While finishing my third and final year of university, I completed an internship with The Australian Marketing Institute. The remote internship, where I connected with my mentor over Zoom was an amazing opportunity. It opened my eyes to the world I would be graduating into. It also led me to research the economic impact COVID-19 would have on me and my peers, set to graduate at the end of 2020. This year has meant many changes for everyone, I write this piece acknowledging how lucky I am to have the opportunities I have. However, it has made me realise that Young Australians, and particularly women will be affected by the economic impacts long after this year is over.
A COVID-19 Graduate
The realisation that I will be graduating into a recession, seems to only now sink in as Victoria, the state in which I live, work and study goes into its second lockdown. Graduating my Bachelor Degree in Communications (Public Relations) at RMIT at the end of this year, was once something I looked forward to, with the prospect of entering the workforce as a graduate, an exciting experience. However, as every day of my last semester at university passes, I become more nervous about entering a workforce that has an unemployment rate of 7.4% (ABS data) and an even higher unemployment rate if you’re aged between 15-24 at 16.4%.
Across Australia, it’s fair to say to some extent, everyone will be impacted by the economic effects of COVID-19. But these effects have not been uniformly felt, according to the Research Insight, HILDA survey by the Melbourne Institute of Research and Melbourne University. It recognises two key insights, this being the industries hit hardest with those in casual or short term casual work and those belonging to those worst affected industries being women and adolescents.
Young Australians aged 15-24, with over a third being women (ABS) make up more than half of those employed on a casual basis compared with 18 percent for all other age groups (ANZ & ABS data).
The COVID-19 lockdown measures have meant many young Australian’s have lost their casual employment. With 60% of 18 to 24-year-olds having lost their jobs, had their hours cut, or had their pay cut over the past six weeks, this compares to 40% for all Australians (ANU study). The industry profile shows that a large majority of these young people are working casually to balance their full time or part-time study. ABS data showing just under a third of casual workers were either dependent students or non-dependent children.
The younger generation who have been affected by these job cuts were likely to be like me, finishing up their studies and wanting to enter the workforce. The risk is that this generation will not be able to find jobs after finishing their degrees, missing out on the skills and experience that come in the early stages of creating your career.
During periods of longer unemployment, according to The Reserve Bank of Australia (RBA), people’s skills and productivity deteriorate and they become less and less employable. In a workforce with Cyclical unemployment, young people are likely to be subject to long-lasting social effects including reduced life expectancy and a higher likelihood of relationship breakdowns.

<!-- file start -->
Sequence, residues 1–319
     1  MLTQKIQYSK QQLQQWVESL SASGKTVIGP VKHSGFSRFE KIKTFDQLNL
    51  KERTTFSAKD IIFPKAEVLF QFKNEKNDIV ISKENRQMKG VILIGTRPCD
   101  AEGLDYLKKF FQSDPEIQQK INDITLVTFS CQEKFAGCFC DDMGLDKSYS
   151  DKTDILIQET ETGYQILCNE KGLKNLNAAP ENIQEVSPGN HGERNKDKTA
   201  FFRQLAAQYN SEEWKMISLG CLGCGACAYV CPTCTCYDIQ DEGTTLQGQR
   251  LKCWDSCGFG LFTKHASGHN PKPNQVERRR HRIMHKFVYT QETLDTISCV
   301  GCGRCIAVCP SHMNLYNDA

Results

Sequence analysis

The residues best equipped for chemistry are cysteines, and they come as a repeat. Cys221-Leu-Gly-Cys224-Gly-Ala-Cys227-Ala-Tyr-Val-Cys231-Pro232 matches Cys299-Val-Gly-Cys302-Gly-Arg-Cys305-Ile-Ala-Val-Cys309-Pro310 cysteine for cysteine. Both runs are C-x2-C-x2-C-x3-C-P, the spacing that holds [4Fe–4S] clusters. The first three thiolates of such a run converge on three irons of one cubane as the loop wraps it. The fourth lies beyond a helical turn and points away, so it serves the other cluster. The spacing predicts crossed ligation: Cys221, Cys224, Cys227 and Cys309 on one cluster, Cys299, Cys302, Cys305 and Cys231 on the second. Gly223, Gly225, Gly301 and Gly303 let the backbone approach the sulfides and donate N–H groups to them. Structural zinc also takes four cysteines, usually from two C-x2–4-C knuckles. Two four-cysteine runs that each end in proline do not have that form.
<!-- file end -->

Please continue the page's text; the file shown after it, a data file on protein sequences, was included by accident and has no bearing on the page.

The current advice from the Government and experts is for young people to up-skill and look for work in areas such as health, mental health, aged care, and trades. Unfortunately, so many young Australians are already too far along in their study process, or like me are finishing up their degree (online I might add, at no lesser cost) in 2020. A degree that if proposed reforms are passed, will rise in price by 113% next year in hopes to push prospective students into ‘job-relevant’ degrees.
Young people across Australia, with a larger proportion of those affected being women, are likely to be subject to the long term and short effects of this global economic crisis.
The Covid-19 crisis has meant many young people have lost their casual employment. In a women-dominated industry such as marketing and communications where ‘experience’ is paramount, but you have to gain experience to get experience, there is a high risk that a whole generation of highly-skilled, degree equipped young people getting left behind.
It is more important than ever for employers now to connect with young job-seekers and ensure that policymakers are implementing stimulus packages and education and training programs to tackle the adverse effects of COVID-19 on young Australians. My hope in 2021, is that I step into a workforce that supports this young vulnerable generation that will become the future. Helping us now means helping Australia long term, in a post-COVID-19 world.
Isabella Murray is currently studying full time completing her Bachelor in Communication (Public Relations) at RMIT University. On top of this Bella works part-time in the hospitality industry and has recently completed a 3-month internship at the Australian Marketing Institute.
To access the Research Insight, HILDA survey by the Melbourne Institute of Research and Melbourne University follow the prompts on this link. AMI Members can also access the full report in the AMI Content Library.